In response to this information, in 2021, US Surgeon General Vivek Murthy warned the nation that mental health challenges were leading to “devastating effects” among young people.5 In an interview, Murthy listed several factors behind this mental health crisis. These “… include the growing crisis of loneliness and isolation; the fact that bullying is taking place not only offline but online; the fact that our kids are surrounded by an information environment that is coming at them 24/7 and that often stokes fear and anxiety. It’s also being driven by the fact that young people, when they think about the future, see the profound threats that we are facing today, like violence and racism and climate change, but they don’t see effective solutions.” While he points out the influence of social media and modern cultural attitudes, he did not appear to focus on physical fitness. Murthy continued, “Other experts theorize that heavy screen use has affected adolescent mental health by displacing sleep, exercise and in-person activity, all of which are considered vital to healthy development.”5

The data from this recent study by Chiang et al suggest that shifts in fitness levels may also be part of the problem and possibly part of the solution.

While mental health problems are increasing in adolescents, their levels of physical fitness are falling. A 2020 review of data from the American Heart Association reported that 75% of America’s adolescents no longer meet the minimum amount of recommended physical exercise per week.6 

Further, in 2022, the Physical Activity Alliance reported, “21% of U.S. children and youth ages 6 to 17 meet the guideline of 60 minutes of physical activity every day. In addition, physical-activity levels drop significantly as kids get older, with 42% of 6 to 11 year olds meeting those guidelines but only 15% of 12 to 17 year olds doing so.7

When these 2 trends are viewed together—first, the increasing frequency of mental disorders and, second, the falling levels of fitness—it is easy to conclude that the 2 are inversely linked. This leads to the assumption that interventions that increase physical fitness levels will lower occurrence of mental disabilities. Such an assumption might seem obvious, so we might not pause to ask whether this assumption has been proven to be true.

In other words, does poor fitness cause mental disorders or the opposite: Do mental disorders lead to greater lethargy and a lack of physical fitness?

At this point, these ideas are still pretty much hypothetical. The Chiang study, while not the first to examine these relationships, is important because it does so methodically and rigorously. Investigators gathered data from a very large cohort, levels of fitness were carefully tested in each participant, and the diagnosis of mental disorders were thoroughly vetted via insurance payments and health records. The study, assessing 1.9 million participants in Taiwan, revealed that children and adolescents in better-performing fitness quantiles exhibit lower cumulative incidences of anxiety, depressive, and attention-deficit/hyperactivity disorders. Enhanced cardiorespiratory fitness, muscular endurance, and muscular power were each independently associated with reduced mental-disorder incidences, even after accounting for confounding factors.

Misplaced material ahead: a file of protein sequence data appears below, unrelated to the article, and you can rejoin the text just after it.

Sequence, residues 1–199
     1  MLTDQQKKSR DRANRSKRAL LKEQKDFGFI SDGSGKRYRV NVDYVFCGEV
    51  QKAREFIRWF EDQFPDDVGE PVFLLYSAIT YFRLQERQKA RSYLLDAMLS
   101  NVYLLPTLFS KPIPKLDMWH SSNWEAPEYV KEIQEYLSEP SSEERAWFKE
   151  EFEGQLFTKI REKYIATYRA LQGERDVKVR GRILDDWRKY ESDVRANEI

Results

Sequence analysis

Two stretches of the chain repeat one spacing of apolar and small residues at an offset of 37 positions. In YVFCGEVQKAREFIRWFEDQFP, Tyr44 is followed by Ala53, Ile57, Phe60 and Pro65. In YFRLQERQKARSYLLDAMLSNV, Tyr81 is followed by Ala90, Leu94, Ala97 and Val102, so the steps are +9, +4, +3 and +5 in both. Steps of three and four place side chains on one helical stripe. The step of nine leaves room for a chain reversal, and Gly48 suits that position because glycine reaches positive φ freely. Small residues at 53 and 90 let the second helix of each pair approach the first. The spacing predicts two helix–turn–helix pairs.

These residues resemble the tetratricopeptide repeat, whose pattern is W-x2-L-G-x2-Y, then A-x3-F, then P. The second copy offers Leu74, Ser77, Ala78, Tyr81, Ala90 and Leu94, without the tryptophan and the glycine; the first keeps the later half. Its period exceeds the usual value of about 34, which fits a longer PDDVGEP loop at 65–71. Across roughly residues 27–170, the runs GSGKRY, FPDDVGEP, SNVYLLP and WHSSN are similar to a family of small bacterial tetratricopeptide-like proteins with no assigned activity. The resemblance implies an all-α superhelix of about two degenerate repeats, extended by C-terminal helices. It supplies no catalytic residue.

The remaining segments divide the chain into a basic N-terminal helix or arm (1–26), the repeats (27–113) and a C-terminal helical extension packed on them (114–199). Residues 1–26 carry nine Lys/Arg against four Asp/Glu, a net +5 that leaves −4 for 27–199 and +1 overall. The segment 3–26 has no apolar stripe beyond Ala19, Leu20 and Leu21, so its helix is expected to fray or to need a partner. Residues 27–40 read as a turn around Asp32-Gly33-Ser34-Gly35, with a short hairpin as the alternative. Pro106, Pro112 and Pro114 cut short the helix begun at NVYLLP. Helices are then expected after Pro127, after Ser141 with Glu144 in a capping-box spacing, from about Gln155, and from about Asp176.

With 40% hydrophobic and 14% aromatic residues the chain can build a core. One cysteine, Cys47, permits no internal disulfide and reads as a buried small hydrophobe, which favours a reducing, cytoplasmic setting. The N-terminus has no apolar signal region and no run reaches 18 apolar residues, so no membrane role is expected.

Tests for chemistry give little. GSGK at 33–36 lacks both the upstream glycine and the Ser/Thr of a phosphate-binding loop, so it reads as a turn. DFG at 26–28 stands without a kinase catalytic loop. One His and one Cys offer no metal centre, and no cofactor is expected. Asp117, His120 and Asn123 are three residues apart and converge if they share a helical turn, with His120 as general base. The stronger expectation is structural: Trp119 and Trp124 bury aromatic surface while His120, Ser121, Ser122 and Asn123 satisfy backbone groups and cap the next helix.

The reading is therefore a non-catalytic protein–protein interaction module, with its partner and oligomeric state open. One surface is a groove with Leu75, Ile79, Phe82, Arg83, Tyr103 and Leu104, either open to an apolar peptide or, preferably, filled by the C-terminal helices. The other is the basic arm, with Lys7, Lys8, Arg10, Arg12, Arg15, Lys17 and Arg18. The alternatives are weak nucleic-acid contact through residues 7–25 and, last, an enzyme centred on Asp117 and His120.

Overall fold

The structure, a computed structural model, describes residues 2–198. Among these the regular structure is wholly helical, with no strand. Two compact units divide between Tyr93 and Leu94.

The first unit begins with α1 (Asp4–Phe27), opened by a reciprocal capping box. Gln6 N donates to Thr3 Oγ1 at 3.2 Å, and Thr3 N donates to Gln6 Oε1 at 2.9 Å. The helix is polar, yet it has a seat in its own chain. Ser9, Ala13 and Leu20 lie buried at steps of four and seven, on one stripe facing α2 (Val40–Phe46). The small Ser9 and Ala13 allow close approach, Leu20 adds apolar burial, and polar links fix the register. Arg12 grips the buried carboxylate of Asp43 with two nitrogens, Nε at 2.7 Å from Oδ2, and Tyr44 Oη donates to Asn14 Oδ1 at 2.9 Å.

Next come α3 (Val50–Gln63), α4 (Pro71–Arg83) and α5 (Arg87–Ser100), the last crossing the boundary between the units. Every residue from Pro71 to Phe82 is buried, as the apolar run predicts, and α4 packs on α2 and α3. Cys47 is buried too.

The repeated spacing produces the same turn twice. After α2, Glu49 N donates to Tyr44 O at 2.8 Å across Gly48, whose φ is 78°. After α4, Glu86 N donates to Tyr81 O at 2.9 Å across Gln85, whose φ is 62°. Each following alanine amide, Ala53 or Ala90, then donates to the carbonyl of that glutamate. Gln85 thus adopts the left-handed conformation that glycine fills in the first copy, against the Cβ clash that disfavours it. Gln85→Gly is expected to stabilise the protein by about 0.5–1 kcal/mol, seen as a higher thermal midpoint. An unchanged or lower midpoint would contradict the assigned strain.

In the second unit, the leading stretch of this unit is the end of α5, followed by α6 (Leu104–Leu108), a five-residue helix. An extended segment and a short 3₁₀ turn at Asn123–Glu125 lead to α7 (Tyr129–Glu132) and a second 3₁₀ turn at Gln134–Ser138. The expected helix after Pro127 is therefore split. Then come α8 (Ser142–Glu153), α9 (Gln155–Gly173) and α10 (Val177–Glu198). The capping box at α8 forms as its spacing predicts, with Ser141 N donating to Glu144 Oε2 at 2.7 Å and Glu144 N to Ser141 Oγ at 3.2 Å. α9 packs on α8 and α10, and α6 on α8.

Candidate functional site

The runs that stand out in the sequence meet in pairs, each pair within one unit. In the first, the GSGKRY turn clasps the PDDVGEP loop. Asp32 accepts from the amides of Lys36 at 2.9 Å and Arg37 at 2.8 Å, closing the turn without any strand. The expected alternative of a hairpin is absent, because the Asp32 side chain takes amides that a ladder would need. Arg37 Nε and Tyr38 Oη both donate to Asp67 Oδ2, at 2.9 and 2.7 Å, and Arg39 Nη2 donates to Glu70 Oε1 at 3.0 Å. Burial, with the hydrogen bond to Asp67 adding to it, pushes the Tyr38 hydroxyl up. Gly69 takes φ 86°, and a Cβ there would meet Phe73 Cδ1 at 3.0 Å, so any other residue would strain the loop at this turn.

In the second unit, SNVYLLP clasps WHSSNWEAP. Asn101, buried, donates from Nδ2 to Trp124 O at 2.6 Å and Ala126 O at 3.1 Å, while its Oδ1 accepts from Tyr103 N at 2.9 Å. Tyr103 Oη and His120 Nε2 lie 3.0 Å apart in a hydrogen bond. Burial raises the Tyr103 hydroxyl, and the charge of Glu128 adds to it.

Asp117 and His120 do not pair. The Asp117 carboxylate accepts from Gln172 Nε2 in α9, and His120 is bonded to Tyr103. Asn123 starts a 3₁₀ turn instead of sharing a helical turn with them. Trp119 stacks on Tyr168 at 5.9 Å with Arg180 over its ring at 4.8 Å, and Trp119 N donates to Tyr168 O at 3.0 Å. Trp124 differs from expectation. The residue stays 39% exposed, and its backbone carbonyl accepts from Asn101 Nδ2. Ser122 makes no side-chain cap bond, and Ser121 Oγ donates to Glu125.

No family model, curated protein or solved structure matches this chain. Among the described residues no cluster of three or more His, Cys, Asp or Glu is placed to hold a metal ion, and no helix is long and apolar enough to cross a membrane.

That these associations between fitness and mental health appear to be “dose dependent”—that is, the more fit the individual, the less likely he or she is to suffer from mental disorders—is important as it argues that the link between fitness and mental health is causative. Argues but doesn’t prove.

While we can be relatively assured that there is an association between fitness and mental health, it remains less clear whether the relationship is causative. In other words, does poor fitness cause mental disorders or the opposite: Do mental disorders lead to greater lethargy and a lack of physical fitness?

We want to believe it is the former since, if true, it will provide us with an intervention that may allow us to improve the mental health and reduce the suffering of a large segment of the population.

Several earlier reports have been published suggesting that higher levels of physical fitness in children are associated with fewer mental health problems, in particular, of anxiety and depression.8

In a 2019 review of studies that examined physical fitness and adolescent mental health and which involved 18 intervention studies, investigators included 12 of them (3 randomized, controlled trials [RCTs] and 9 nonRCTs) in a data meta-analysis that reported a small but significant overall effect of physical activity on mental health in children and adolescents aged 6 to 18 years (effect size 0.173, 95% CI 0.106–0.239, P<0.001). When the analyses were performed separately for children and adolescents, the results were significant for adolescents but not for children.9

The more important question, though, is whether intervening by increasing exercise will lead first to better fitness and, from there, to better mental health. Only a small number of reports tell us that improving physical fitness in children by intervention is linked to improved cognitive function.

In 2022 Francesco Ortega et al reported on a 20-week RCT of 109 children, aged 8 to 11 years, who were overweight or obese and who were put on an exercise program.  While the control group continued their usual routines, the exercise group attended 3 supervised, 90-minute exercise sessions a week. This exercise intervention significantly improved crystallized intelligence, total intelligence, and cognitive flexibility, and there was a positive but small effect of exercise on academic performance.10 The study did not report on whether the kids were less anxious, depressed, or happier.